14-3-3 proteins targeted to promote axon regeneration

Andrew Kaplan Doctoral student at Montreal Neurological Institute

Andrew Kaplan Doctoral student at Montreal Neurological Institute

Society for Neuroscience Chicago Spinal Cord Injury: Restorative Strategies Trauma Poster Poster 226. Spinal Cord Injury: Restorative Strategies Location: Hall A Time: Sunday, October 18, 2015, 1:00 PM – 5:00 PM Program#/Poster#: 226.28/H38 Topic: C.10. Support: CIHR FRSQ NSERC-CREATE Neuroengineering training program
Authors: *A. KAPLAN1, A. KRONER1, S. LEONG1, C. MADWAR1, S. BANERJEE2, I. RAMBALDI1, N. BISSON2, J. ANTEL1, S. DAVID1, A. FOURNIER1; 1McGill Univ., Montreal, QC, Canada; 2Laval Univ., Quebec, QC, Canada
Disclosures: A. Kaplan: None. A. Kroner: None. S. Leong: None. C. Madwar: None. S. Banerjee: None. I. Rambaldi: None. N. Bisson: None. J. Antel: None. S. David: None. A. Fournier: None.

Spinal cord injury (SCI) results in the damage and disconnection of long axonal tracts. The inability of severed axons to regenerate is responsible for sustained paralysis and loss of sensation in SCI patients. An important strategy to approach this unmet need is to develop drugs that promote regenerative axon growth. We have identified 14-3-3 proteins, a family of phosphoserine/threonine-binding cytosolic adaptor proteins, as important mediators of axon regeneration. Overexpression of 14-3-3 isoforms enhances axon regeneration in an in vitro cortical neuron scratch assay. Moreover, we have identified a compound that stimulates axon regeneration through a putative mechanism of stabilization of 14-3-3 protein-protein interactions (PPIs).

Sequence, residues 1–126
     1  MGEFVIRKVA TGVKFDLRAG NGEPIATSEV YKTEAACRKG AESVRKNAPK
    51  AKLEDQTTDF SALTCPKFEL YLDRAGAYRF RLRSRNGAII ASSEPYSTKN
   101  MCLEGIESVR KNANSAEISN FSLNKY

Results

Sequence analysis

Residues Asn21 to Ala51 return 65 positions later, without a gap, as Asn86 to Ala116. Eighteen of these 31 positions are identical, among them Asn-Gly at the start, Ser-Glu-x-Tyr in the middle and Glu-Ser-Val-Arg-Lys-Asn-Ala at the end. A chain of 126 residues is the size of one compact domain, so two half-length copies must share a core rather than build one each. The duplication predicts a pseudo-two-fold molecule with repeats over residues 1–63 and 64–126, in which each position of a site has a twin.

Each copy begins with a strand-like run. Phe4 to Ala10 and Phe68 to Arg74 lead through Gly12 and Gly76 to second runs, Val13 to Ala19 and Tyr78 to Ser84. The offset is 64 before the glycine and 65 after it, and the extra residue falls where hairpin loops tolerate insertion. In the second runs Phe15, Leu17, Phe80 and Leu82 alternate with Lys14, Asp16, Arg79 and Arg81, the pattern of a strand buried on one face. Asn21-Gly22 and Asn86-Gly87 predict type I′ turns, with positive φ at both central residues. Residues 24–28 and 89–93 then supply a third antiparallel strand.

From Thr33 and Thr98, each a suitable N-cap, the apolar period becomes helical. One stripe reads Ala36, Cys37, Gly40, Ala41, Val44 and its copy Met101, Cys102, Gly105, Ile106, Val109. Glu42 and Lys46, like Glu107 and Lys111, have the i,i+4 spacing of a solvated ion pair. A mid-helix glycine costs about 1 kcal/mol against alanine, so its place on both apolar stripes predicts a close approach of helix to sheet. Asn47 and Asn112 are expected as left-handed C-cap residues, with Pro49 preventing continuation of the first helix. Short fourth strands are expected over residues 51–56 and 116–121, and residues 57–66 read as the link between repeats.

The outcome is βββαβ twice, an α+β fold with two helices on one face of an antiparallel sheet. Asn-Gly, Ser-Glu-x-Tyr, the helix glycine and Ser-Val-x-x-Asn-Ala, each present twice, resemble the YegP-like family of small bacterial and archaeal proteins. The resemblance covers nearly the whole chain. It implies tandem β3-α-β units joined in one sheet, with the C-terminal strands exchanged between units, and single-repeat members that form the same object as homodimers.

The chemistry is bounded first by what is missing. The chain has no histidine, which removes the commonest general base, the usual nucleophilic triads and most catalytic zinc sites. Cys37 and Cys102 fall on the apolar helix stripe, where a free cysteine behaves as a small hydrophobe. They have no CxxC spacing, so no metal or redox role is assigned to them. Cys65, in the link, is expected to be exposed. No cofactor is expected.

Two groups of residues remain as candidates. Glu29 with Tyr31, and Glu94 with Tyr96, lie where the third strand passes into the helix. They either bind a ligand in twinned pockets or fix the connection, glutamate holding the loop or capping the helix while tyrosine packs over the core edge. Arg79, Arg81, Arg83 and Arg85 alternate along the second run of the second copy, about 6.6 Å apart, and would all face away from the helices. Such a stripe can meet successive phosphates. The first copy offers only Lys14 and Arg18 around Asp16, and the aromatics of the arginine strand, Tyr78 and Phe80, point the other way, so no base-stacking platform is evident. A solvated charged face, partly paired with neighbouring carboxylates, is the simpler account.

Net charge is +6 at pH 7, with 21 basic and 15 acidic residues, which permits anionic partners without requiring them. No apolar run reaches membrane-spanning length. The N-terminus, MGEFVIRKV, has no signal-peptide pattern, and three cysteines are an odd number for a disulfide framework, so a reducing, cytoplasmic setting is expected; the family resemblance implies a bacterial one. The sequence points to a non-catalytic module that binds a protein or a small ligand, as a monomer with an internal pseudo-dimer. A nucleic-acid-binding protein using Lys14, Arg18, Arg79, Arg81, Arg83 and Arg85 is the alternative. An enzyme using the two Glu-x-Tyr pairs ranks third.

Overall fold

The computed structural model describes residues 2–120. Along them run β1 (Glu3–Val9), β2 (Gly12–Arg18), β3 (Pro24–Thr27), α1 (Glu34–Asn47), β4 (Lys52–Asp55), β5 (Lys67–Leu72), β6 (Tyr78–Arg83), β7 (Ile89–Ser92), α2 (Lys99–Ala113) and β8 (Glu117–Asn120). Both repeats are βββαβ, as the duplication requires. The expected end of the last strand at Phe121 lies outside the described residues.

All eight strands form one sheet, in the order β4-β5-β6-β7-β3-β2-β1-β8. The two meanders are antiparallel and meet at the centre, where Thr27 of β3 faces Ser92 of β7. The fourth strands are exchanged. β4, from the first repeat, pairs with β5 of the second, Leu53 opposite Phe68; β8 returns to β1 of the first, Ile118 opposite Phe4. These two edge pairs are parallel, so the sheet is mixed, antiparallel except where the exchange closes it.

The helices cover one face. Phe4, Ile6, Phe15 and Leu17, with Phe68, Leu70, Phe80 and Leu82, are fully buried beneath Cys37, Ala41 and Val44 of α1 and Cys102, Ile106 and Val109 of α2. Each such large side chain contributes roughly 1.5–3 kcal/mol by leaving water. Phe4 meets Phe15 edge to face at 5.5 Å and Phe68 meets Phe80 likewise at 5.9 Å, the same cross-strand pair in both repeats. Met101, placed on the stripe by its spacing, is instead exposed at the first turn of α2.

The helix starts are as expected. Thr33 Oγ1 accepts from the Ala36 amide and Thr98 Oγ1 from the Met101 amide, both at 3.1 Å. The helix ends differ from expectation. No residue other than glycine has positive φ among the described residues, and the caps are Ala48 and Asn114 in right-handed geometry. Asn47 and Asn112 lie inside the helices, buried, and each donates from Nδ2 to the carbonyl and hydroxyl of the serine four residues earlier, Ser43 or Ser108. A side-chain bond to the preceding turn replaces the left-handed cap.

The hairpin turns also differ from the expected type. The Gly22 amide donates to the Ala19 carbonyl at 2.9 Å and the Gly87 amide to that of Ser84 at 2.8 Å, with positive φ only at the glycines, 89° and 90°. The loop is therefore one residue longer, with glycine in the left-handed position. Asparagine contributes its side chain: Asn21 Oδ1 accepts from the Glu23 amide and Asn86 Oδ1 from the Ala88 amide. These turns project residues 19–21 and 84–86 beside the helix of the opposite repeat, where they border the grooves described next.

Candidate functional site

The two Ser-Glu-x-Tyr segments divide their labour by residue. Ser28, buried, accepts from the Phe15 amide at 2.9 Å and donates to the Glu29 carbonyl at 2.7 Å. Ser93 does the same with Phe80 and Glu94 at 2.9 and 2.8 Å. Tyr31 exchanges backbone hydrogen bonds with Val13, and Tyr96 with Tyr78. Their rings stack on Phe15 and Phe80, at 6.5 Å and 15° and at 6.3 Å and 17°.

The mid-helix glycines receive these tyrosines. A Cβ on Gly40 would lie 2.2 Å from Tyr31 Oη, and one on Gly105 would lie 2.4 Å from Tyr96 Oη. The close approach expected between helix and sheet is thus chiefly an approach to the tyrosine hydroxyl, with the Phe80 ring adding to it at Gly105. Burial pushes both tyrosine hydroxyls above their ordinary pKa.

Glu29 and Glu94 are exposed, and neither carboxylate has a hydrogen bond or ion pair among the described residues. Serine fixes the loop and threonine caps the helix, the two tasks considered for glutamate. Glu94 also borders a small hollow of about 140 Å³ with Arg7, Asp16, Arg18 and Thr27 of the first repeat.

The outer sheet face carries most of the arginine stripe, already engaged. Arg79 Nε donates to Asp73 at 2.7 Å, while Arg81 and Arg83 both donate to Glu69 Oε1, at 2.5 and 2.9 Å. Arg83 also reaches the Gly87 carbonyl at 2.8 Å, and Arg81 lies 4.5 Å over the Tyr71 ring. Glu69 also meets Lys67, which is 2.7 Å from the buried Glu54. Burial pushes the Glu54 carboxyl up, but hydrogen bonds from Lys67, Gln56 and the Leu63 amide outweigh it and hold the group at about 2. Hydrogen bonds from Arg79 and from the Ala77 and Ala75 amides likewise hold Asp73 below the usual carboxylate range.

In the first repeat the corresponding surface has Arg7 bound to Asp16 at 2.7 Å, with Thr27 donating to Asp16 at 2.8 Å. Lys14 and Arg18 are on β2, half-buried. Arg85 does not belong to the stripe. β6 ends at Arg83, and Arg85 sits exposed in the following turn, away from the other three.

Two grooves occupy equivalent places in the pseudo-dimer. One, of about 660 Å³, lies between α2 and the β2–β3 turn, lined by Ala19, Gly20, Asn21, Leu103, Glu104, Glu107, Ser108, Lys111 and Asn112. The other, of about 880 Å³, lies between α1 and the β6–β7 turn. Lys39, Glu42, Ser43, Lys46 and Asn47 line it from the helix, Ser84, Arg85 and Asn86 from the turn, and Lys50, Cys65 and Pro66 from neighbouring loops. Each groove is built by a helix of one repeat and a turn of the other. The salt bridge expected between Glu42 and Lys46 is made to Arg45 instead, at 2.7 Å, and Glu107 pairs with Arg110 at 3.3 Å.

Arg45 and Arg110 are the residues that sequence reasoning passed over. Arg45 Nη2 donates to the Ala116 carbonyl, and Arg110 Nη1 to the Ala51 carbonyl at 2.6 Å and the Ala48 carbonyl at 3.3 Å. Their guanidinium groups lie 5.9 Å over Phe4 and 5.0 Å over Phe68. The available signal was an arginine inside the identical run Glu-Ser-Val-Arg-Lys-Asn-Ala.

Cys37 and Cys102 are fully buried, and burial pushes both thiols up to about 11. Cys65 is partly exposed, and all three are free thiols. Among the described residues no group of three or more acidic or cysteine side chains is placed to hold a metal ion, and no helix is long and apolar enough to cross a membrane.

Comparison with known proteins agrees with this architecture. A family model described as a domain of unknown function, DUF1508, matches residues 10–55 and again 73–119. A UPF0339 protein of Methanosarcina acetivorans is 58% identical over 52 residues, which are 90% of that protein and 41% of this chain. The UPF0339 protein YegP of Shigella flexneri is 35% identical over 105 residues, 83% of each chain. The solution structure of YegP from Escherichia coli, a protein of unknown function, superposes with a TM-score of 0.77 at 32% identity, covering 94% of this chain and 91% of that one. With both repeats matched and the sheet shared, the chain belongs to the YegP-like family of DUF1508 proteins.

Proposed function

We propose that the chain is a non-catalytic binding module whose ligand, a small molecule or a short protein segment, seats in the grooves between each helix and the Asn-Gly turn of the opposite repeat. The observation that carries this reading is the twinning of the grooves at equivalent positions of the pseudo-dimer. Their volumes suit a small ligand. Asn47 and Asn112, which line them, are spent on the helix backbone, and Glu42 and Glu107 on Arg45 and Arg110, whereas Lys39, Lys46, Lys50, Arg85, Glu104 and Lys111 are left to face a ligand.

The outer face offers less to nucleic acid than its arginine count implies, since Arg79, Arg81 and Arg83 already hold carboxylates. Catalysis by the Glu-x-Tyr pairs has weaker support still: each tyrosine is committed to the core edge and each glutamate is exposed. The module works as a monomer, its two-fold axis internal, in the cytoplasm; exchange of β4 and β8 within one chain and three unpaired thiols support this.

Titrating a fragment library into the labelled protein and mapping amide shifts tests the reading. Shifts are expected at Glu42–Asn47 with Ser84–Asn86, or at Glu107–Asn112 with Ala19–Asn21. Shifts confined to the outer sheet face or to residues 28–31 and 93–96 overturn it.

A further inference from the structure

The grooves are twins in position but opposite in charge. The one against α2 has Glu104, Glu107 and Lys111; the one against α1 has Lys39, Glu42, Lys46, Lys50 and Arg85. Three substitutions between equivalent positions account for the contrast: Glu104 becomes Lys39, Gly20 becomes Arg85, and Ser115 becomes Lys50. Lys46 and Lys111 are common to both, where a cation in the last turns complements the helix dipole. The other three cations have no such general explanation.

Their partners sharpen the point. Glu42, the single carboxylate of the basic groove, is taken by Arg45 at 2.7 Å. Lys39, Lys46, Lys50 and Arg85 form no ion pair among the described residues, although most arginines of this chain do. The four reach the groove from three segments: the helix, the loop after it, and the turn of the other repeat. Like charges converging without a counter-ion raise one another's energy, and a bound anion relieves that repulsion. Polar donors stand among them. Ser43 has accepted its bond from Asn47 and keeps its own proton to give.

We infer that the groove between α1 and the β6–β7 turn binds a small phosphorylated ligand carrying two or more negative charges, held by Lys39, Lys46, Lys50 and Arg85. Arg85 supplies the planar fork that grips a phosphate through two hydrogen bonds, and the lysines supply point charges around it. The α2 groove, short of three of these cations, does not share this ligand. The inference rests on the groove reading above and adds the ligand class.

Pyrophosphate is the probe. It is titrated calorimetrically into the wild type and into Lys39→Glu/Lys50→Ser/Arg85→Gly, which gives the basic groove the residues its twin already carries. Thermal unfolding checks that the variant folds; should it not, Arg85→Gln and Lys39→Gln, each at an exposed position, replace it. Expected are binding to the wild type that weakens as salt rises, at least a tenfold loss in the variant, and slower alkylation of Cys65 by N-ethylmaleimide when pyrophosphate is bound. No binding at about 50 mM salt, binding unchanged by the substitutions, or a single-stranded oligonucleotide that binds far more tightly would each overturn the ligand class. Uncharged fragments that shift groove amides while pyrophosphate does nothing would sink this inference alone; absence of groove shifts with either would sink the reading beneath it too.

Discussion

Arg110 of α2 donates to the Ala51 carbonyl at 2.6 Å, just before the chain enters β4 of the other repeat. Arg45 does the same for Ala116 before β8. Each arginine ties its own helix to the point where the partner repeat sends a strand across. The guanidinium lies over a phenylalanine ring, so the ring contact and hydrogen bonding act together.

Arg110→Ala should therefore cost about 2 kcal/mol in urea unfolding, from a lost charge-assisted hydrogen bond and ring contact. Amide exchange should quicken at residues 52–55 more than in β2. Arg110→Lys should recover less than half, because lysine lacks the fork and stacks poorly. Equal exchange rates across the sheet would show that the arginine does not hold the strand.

Treatment of rat cortical neurons and human fetal neurons with the 14-3-3 stabilizer compound enhances neurite outgrowth in a dose-dependent manner, indicating a conservation of activity from rodent to man. The 14-3-3 stabilizer compound is known to bind to a pocket created by the interface between the 14-3-3 binding groove and certain client proteins, forming a tri-partite complex that enhances the stability of the PPI. PPI stabilization is a unique concept in drug design that, unlike PPI inhibition, does not necessitate competition with a natural ligand for target binding. Current efforts are focused on elucidating the mechanism-of-action of the 14-3-3 stabilizer compound and testing its efficacy in stimulating corticospinal tract regeneration after dorsal hemisection SCI in mice. Compounds that stabilize 14-3-3 PPIs may be valuable neuroregenerative agents for use in SCI and other conditions characterized by axonal damage.

Extrinsic and intrinsic regulation of axon regeneration at a crossroads
by Andrew Caplan: Full Text Article

This entry was posted in Neuroscience Abstracts, Regenerative Medicine and tagged , . Bookmark the permalink.